This week ended better than it began, journalistically speaking.

5/28/2013: How do I back up text messages?, USA Today

Notice the long, parenthetical paragraph starting with “Update”? That’s what you have to write when you leave significant, relevant info out of a story. Here, it was my failure to note that iOS and Windows Phone include text-message backup options that, while they don’t let you view old SMSes away from your phone, do at least ensure you won’t lose them forever if your phone dies. I did not think to mention them because I’d elected to focus the piece on ways to get text messages off of a phone–but, alas, I never thought to revise the question to specify that use case.

Kojo Nnamdi Show travel tech5/28/2013: Travel Technology, The Kojo Nnamdi Show

I talked about the intersections of travel and technology–from inflight WiFi to apps that can help guide your journeys–with guest host Christina Bellantoni and iStrategy Labs chief marketing officer DJ Saul. This was excellent timing, as I’d spent most of the two prior weeks out of town. I do, however, regret missing a chance to rant yet again about the woeful state of the C/D concourse at Dulles.

5/31/2013: Ask A Startup About Patents. You Might Get An Interesting Answer., Disruptive Competition Project

I attended a pitch event for startups, Fortify Ventures’ Demo Day, and asked each of the five companies that presented there if they’d applied for any patents and what sort of exposure they thought they had to a patent-infringement lawsuit.

5/31/2013: Finicky Bluetooth mouse? Check your rechargeables, USA Today

Once again, a problem with my own computer yielded the material for a Q&A item, which in this case doubled as an opportunity to question my own and others’ enthusiasm for cable-free computing. The column throws in a tip about how it’s easier to recycle rechargeable batteries than you might think.

In addition to prototyping this weekend’s USAT column on Sulia, I criticized a dumb implementation of a smart calendaring feature in Gmail, voiced my exasperation at CVS’s addition to paper coupons, wondered about the weirdly limited free WiFi in the Smithsonian’s Kogod Courtyard, and (ahem) compared a couple of exercise-tracking apps in a way that missed a key detail about one of them.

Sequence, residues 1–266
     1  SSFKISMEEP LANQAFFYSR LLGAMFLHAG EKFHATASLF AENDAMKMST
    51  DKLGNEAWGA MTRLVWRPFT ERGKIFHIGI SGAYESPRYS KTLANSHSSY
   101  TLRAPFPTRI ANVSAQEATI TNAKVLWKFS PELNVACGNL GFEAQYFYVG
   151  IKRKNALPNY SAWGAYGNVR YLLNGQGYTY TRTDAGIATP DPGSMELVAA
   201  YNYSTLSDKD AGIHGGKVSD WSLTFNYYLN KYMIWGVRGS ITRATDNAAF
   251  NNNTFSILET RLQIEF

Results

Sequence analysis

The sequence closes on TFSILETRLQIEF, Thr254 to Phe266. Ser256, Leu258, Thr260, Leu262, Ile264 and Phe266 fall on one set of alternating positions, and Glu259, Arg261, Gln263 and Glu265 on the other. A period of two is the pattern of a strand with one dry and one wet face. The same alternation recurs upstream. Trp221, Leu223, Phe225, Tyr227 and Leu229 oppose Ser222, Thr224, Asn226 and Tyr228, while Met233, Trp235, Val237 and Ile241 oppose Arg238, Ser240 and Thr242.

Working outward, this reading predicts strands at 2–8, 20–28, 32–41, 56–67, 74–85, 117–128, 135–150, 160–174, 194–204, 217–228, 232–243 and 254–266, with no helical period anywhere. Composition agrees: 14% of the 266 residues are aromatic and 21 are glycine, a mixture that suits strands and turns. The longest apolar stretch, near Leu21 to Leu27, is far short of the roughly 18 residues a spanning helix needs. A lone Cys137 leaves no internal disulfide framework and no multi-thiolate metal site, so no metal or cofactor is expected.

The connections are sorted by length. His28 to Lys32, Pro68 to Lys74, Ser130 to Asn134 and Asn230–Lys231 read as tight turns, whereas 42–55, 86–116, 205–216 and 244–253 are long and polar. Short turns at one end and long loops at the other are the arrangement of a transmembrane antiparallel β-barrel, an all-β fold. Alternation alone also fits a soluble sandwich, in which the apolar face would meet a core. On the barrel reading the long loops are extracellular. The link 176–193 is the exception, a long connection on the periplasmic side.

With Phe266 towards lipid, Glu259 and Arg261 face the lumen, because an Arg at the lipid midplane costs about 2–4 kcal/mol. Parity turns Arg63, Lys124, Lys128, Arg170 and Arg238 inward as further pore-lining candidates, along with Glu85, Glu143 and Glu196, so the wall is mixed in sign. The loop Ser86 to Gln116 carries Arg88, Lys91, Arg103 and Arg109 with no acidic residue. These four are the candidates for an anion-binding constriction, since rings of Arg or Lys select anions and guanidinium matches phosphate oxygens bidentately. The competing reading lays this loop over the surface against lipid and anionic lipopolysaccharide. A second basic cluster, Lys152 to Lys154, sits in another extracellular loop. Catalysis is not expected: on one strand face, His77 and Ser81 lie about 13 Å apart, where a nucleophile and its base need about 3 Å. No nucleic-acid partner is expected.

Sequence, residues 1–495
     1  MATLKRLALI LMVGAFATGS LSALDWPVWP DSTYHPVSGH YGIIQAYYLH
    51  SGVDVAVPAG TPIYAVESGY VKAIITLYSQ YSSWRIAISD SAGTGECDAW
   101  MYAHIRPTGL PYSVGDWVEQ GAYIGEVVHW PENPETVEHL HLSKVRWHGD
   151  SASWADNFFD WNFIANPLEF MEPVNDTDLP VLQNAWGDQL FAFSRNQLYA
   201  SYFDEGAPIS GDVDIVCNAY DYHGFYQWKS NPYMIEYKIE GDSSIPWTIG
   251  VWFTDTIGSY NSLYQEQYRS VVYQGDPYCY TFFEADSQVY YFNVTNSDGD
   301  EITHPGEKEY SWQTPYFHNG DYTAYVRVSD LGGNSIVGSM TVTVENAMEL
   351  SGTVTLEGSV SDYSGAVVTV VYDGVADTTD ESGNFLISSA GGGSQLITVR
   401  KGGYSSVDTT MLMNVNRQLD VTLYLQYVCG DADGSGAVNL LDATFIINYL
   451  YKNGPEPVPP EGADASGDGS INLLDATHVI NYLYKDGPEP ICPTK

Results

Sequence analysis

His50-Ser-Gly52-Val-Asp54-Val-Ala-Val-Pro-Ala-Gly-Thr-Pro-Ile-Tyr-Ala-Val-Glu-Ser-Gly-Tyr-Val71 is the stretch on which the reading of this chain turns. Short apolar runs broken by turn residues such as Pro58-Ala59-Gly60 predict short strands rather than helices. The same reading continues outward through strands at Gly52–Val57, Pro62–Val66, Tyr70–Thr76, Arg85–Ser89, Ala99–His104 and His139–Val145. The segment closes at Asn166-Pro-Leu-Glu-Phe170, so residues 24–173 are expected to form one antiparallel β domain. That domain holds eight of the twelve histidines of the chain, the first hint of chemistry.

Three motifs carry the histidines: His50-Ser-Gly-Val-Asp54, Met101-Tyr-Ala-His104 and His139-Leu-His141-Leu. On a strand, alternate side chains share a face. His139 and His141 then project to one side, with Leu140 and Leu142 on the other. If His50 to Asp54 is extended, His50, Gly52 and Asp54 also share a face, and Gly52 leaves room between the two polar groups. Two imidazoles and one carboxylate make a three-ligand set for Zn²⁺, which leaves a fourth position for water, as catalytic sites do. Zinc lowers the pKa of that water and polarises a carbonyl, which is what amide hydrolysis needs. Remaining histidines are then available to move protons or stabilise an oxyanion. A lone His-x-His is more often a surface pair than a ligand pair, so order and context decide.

Weekly output: “free WiFi” (x2), 1776, Facebook Graph Search, Facebook and Twitter apps

My former employer collided with my current work this week, courtesy of the Post’s front-page story Monday heralding the Federal Communications Commission’s proposal to open some broadband-friendly frequencies to unlicensed use. My former cubicle-mate Cecilia Kang’s piece phrased things much more expansively than that, especially before the jump, and then things got out of control as people spun the story as “free WiFi for everyone!”

(If you want to hate tech journalism, there’s your reason: Competing sites couldn’t spend 10 minutes reading the FCC filings to understand the story for themselves and instead rushed to post their own breathless interpretations of Kang’s piece. Worse yet, most of them haven’t bothered to correct the errant results of this game of telephone.)

2/4/2013: FCC Plan to Provide Free Wireless a Long “Complicated” Process, Voice of Russia American Edition

This AM station in D.C. (a friend works as a producer there) had me on Monday to talk about the Post’s story; I did what I could to explain that there is no actual FCC plan for free WiFi, just a framework that could, maybe, make it easier for some companies to offer no-charge wireless access in certain locations.

DisCo FCC no-free WiFi post2/5/2013: Free As In Unlicensed: Why The FCC Isn’t Giving Away Wireless Service To Anybody, Disruptive Competition Project